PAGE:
Thanks in large part to the biggest “free-agent signing” in college last year, Wisconsin staked its claim to a win in the first-ever Big Ten championship game. With Russell Wilson one-and-done in Madison, however, the conference generally and the Leaders (chuckle) division specifically are up for grabs yet again.
The only certainty for the 2012 race to Indianapolis? Ohio State won’t be involved, thanks to its well-publicized NCAA issues.
The story of the conference headed into the spring is, of course, a pair of newcomers. Bill O’Brien takes over a Penn State football program tainted by the Jerry Sandusky child-sex abuse scandal, while Urban Meyer returns to his home-state Buckeyes after hitting the pause button on his coaching career following the 2010 season.
Below are a handful of Big Ten storylines we’ll pay at least some attention to this spring:
Leg up in the Legends?
While Michigan State claimed the division’s spot in the first Big Ten title game, it will likely be its in-state rival that will carry the frontrunner tag heading into the upcoming season. And why not? All Brady Hoke did in his first year at Michigan was lead the Wolverines to the most wins (11) since 2006, taking an immense first step in erasing the stench left behind by the RichRod regime. Beginning in the spring, though, Hoke must find and identify new playmakers at the wide receiver position. Additionally, Denard Robinson must find a way to reduce his turnovers, although a second year in the same system could very well alleviate that issue on its own. Fortunately — and by “fortunately” I mean “get down and thank the Good Lord Greg Robinson is not around” — the defense is in the very capable hands of Greg Mattison and, even with some attrition in the trenches, should be a strength of the 2012 edition of the Wolverines.
Monumental change in Happy Valley
For the first time since Lyndon Baines Johnson was sitting in Oval Office, a head coach not named Joe Paterno will direct the Nittany Lions football program through spring drills. Charged with the task of replacing a coaching legend is Bill O’Brien, who will not only be taking over a program rocked by scandal over the past several months, but will be a head coach for the first time at any level of football. With O’Brien at the helm, one will actually watch the Nittany Lions field a (gasp!) modern style of offense, replete with passing and excitement and the like. While keeping some continuity on the defensive side of the ball by retaining Larry Johnson Sr. cannot be understated, all eyes in the spring will be on the number of footballs piercing the Happy Valley air. Just who will be doing the majority of the flinging remains to be seen; Matt McGloin and Rob Bolden will once again battle for the starting job, with Paul Jones possibly getting himself into the mix as well. While that crucial battle will begin in the spring, it likely won’t be finished until deep into summer camp.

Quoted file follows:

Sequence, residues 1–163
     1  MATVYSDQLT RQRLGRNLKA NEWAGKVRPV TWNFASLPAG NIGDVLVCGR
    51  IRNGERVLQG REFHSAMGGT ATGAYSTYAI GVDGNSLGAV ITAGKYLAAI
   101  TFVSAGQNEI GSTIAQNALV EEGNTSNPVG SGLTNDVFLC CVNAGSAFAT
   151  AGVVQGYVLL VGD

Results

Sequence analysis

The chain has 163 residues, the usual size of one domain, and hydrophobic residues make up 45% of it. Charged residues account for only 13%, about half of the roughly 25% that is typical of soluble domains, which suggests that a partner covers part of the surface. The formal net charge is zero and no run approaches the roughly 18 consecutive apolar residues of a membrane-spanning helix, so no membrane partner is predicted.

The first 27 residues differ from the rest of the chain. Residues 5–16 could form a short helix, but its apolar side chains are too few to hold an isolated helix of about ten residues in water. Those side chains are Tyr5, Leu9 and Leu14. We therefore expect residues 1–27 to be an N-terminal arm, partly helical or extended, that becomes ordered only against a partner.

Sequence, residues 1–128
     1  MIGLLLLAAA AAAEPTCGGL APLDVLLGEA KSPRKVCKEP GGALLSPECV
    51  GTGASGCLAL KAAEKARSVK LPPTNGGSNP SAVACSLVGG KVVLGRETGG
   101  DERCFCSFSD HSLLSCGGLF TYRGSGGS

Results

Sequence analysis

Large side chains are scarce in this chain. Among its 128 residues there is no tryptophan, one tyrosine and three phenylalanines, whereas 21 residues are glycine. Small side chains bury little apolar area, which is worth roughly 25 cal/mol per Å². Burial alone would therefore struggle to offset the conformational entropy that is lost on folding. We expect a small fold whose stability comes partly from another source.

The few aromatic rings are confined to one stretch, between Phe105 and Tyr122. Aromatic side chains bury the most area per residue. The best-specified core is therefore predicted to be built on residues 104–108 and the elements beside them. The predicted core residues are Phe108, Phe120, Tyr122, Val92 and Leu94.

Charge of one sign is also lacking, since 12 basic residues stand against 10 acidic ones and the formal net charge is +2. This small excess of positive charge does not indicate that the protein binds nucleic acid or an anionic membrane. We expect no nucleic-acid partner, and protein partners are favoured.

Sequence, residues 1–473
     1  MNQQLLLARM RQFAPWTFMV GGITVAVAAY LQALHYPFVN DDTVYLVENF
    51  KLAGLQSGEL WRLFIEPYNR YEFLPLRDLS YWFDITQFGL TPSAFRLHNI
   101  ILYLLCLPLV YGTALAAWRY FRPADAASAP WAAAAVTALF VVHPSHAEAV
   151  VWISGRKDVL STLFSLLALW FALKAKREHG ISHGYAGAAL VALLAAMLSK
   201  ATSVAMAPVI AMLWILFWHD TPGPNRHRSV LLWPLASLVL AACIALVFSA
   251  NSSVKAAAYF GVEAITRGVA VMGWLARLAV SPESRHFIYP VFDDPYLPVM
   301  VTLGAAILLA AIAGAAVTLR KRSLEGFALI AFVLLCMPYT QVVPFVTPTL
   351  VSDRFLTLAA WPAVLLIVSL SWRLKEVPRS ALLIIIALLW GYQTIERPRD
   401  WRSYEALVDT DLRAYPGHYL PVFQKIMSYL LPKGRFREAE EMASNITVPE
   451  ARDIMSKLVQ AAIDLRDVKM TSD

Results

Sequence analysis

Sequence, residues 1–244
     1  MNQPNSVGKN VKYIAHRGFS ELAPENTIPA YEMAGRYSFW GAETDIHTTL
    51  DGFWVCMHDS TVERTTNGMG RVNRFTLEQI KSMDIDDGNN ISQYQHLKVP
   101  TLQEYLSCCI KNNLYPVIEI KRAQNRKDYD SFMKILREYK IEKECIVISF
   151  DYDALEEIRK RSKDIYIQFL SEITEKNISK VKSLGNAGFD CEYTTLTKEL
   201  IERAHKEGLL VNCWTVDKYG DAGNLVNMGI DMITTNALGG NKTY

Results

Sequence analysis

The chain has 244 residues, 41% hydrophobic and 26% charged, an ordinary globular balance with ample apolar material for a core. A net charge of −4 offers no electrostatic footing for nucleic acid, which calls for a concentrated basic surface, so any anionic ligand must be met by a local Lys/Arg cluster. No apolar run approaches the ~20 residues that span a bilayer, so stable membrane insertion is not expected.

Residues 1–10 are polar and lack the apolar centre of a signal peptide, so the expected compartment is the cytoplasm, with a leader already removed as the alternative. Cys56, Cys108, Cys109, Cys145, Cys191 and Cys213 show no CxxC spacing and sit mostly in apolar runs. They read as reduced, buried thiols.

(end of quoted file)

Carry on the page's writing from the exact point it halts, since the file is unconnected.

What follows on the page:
(Insert “Urban development/renewal” pun here)
Penn State’s not the only Big Ten school preparing to cannonball into 21st century offensive football. Urban Meyer will bring his version of the spread offense to the Buckeyes, implementing the new system after bringing an SEC mindset to the recruiting game. Unlike the Nittany Lions, however, there is no question who will be the new offense’s triggerman as true sophomore-to-be Braxton Miller has all of the tools to flourish under the tutelage of Meyer and his offensive coaching staff. Certainly there are other questions that need answered — filling holes on the offensive line chief among them — and there’s no postseason to play for, but the foundation laid by Meyer & Company this spring will certainly benefit the program in 2013 and beyond. Provided another sabbatical is not in the offing, of course.
Uncertainty under center
Just because Wisconsin and Michigan State met in the first Big Ten title doesn’t make them the favorites for a return engagement in the second. A big reason why? Replacing the talent and experience lost at the quarterback position. The Badgers, of course, will be looking for a replacement for Russell Wilson, and could very well turn its attention to the East Coast yet again for a QB solution; UW is reportedly one of the handful of schools Danny O’Brien is considering as he transfers from Maryland. The Spartans, on the other hand, will definitely look from within for a replacement for Kirk Cousins, who started the past three seasons and was widely considered MSU’s heart and soul. Barring an unexpected development, Andrew Maxwell, a four-star member of the Spartans’ 2009 recruiting class, is Cousins’ heir apparent. Whether he’s ready for his new, more visible role remains to be seen.